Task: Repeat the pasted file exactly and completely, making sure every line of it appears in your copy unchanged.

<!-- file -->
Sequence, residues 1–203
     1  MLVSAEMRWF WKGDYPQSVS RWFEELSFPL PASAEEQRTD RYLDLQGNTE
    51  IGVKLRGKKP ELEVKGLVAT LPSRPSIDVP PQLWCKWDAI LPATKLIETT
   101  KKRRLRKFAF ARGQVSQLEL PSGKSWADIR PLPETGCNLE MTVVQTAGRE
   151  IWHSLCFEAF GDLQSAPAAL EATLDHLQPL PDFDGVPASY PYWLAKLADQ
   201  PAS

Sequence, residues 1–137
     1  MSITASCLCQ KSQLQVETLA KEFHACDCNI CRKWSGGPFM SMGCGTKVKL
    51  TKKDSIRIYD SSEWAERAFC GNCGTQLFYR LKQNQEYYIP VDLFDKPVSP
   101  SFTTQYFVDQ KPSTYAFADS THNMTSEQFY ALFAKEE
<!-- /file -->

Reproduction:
Sequence, residues 1–203
     1  MLVSAEMRWF WKGDYPQSVS RWFEELSFPL PASAEEQRTD RYLDLQGNTE
    51  IGVKLRGKKP ELEVKGLVAT LPSRPSIDVP PQLWCKWDAI LPATKLIETT
   101  KKRRLRKFAF ARGQVSQLEL PSGKSWADIR PLPETGCNLE MTVVQTAGRE
   151  IWHSLCFEAF GDLQSAPAAL EATLDHLQPL PDFDGVPASY PYWLAKLADQ
   201  PAS

Sequence, residues 1–137
     1  MSITASCLCQ KSQLQVETLA KEFHACDCNI CRKWSGGPFM SMGCGTKVKL
    51  TKKDSIRIYD SSEWAERAFC GNCGTQLFYR LKQNQEYYIP VDLFDKPVSP
   101  SFTTQYFVDQ KPSTYAFADS THNMTSEQFY ALFAKEE